Why not nationalise cricket administration

Like Bollywood, cricket has an ugly underbelly. It is administered by a an ultra-cash-rich organization that is essentially private.

ashishm

Ashish Mehta | January 7, 2019 | Delhi


#Indian cricket team   #RTI Act   #BCCI   #cricket   #IPL   #CAG  
Illustration: Ashish Asthana
Illustration: Ashish Asthana

Other than climate and of course politics, cricket is the most popular topic of conversation among strangers. Bollywood too does not cover as much geography as the game inherited from the colonial masters does. Like Bollywood, cricket has an ugly underbelly. It is administered by a an ultra-cash-rich organization that is essentially private. The Board for Control of Cricket in India, a nonagenarian club controlled by moneybags and politicians with no cricketing experience, “control” the game.

When the Indian squad plays against Pakistan, it is a matter of high passions – it’s called “war without shooting” – and in 2011 even the prime ministers of the two neighbours sat down to watch the proceedings, but at the end of the day it’s a private team, not an Indian national team.
 

Think

BCCI is a private club that claims to represent the nation and makes astronomical income
. . .
The board can take any decisions it may deem proper: it is not answerable to people or people’s representatives
. . .
The board cannot be audited by CAG; it is not under the RTI Act

The BCCI, for whom the team plays and who gets the moolah at the end of the game, is a private club registered under the Tamil Nadu Societies Registration Act. It was formed in 1928 to meet the requirement of the International Cricket Council, so that an Indian team can play against teams from other nations. For all other sports, there are federations (again, monopolised by aging politicians) which are governed by the sports ministry. Cricket is a case apart.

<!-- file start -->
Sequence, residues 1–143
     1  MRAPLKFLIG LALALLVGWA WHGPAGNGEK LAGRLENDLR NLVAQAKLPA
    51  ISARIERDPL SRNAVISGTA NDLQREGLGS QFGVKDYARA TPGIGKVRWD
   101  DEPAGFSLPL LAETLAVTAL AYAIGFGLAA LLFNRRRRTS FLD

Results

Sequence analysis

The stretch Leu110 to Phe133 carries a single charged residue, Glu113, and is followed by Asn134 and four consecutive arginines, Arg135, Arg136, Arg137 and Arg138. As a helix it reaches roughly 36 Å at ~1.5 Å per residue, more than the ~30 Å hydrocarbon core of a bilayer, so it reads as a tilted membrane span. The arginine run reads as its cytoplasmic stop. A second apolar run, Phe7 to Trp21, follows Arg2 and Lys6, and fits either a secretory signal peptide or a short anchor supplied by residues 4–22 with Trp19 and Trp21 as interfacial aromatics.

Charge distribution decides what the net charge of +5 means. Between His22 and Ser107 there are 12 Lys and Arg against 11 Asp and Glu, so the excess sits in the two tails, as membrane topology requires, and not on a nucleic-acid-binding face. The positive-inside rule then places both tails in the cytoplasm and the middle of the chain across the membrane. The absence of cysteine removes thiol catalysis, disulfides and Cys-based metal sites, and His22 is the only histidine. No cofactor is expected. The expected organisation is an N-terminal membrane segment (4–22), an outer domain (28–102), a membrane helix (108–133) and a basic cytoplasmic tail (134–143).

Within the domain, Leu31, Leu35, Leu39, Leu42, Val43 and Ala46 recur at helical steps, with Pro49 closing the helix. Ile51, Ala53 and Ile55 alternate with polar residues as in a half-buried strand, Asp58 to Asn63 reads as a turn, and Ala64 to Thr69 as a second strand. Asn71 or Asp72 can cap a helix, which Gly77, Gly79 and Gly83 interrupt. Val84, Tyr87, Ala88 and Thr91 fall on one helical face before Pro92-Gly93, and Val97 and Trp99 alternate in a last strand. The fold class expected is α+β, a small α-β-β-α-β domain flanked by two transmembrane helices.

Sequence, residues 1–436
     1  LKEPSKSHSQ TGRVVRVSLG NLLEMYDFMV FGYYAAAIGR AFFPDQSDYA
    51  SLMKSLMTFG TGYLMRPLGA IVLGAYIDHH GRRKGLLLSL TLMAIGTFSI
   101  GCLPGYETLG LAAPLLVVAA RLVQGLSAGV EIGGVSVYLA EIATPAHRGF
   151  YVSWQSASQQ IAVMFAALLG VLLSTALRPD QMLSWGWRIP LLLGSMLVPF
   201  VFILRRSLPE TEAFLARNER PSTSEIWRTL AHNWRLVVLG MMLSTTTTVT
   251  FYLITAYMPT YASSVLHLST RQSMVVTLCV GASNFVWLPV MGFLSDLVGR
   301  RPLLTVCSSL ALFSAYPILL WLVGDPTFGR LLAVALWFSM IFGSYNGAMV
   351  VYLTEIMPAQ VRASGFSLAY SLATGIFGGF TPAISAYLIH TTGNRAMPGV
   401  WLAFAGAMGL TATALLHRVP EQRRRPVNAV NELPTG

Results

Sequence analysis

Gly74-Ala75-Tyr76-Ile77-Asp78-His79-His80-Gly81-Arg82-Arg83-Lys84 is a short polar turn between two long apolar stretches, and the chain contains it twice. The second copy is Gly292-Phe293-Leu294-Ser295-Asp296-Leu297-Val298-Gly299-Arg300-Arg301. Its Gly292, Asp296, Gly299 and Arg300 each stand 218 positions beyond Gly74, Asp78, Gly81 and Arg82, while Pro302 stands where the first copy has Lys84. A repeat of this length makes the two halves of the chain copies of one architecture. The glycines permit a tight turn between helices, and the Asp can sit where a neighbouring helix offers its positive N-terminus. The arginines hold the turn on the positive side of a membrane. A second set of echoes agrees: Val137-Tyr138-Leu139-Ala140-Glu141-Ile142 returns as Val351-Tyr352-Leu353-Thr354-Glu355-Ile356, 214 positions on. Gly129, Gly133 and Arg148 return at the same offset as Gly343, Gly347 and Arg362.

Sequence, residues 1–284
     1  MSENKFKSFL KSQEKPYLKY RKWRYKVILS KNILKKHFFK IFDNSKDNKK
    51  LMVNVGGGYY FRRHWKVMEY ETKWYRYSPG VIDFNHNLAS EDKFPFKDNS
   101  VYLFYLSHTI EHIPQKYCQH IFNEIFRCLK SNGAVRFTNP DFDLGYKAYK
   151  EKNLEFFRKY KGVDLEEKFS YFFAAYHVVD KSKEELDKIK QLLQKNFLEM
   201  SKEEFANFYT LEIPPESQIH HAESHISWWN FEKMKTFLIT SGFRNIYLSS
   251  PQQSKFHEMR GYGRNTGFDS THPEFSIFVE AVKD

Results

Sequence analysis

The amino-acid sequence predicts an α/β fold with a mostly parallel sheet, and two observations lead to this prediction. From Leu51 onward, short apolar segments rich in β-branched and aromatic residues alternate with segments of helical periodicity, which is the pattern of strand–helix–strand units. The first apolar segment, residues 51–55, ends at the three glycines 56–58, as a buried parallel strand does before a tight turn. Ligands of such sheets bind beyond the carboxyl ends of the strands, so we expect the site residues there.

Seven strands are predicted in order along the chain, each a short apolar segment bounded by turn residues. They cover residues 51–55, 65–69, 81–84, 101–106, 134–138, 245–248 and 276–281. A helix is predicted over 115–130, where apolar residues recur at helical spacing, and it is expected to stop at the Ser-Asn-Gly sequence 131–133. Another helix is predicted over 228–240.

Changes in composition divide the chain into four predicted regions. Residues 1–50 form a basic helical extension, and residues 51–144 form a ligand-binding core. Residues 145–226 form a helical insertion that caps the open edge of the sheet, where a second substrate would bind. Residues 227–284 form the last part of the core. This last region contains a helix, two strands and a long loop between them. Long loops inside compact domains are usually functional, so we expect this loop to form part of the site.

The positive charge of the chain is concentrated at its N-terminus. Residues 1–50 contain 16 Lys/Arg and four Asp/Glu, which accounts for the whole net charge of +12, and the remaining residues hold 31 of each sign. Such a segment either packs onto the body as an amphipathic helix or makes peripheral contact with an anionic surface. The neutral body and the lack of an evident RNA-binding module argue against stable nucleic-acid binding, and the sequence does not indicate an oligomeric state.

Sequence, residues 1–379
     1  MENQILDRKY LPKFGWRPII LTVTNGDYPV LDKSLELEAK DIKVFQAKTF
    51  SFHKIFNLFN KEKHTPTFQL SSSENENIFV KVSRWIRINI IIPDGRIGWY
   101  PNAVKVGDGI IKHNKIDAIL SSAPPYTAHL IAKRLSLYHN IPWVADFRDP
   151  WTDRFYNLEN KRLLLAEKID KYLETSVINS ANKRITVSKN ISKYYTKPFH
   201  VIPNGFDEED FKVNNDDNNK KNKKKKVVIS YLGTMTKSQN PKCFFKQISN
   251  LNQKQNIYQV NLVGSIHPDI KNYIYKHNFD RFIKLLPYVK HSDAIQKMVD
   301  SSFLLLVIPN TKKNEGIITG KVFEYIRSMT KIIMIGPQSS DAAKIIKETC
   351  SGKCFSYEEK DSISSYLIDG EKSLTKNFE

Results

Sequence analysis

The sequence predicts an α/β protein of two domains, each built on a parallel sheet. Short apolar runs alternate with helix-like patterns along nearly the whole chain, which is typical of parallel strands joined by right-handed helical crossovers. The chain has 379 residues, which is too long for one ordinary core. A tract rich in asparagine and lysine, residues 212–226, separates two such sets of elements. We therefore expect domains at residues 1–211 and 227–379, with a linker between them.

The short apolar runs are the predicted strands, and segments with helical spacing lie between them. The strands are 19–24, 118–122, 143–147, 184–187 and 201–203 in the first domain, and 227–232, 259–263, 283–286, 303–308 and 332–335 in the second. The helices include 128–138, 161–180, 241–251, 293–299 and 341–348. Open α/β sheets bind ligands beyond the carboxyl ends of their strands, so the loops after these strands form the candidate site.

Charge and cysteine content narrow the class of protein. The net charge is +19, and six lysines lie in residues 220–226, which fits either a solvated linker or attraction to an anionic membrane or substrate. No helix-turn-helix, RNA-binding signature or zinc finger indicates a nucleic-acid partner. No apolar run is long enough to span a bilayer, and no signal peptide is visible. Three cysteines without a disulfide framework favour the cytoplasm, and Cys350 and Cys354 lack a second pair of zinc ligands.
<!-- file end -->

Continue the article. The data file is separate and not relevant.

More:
That was the case even during the good old days, and it is more so after the advent of the Indian Premier League (IPL). Astronomical sums earned through sale of TV rights and other commercial aspects have made the BCCI extraordinarily rich. Since this is a cricket-crazy nation, other playing nations’ cricket admin bodies (or other sports bodies within India) are far poorer. 
 
The BCCI has finally no responsibility. Be it the selection of players, or coach (why Ravi Shastri in place of Anil Kumble), or the head of selection panel (why they have usually far less experience than most current players), or even the empanelled commentators (why Harsha Bhogle is no longer among them), its decisions are beyond questioning. It answers to none; fans can fume but to no avail. 
 
The Lodha committee has revamped its internal administration, but it is still BCCI, a private club. Though it claims to represent the nation – though legally speaking it cannot, but when it comes to responsibility of a public institution, it claims to be a private body. There have been repeated demands of opening up its finances to a CAG scrutiny, and bringing it under the gamut of the RTI Act, to make it answer people’s questions. It has refused. In 2018, following an application by a Delhi-based petitioned named Geeta Rani, CIC has asked the BCCI why it should not be declared a ‘public authority’ under the RTI Act. The same petitioner has also approached the Madras high court in end-December seeking to restrain BCCI from representing the nation.
 
The government of India has a sound legal position to take over the administration of a sport that millions of people take most seriously.
 
Reality check
Like the rise of IT industry in India, it must be the absence of government and the whole bureaucracy that has helped developed the game of cricket. At the BCCI a lot needs to be fixed, and it has to be made answerable, but bringing the game administration under the government would be a solution worse than the problem.  
 
(This article appears in January 15, 2019 edition)

 

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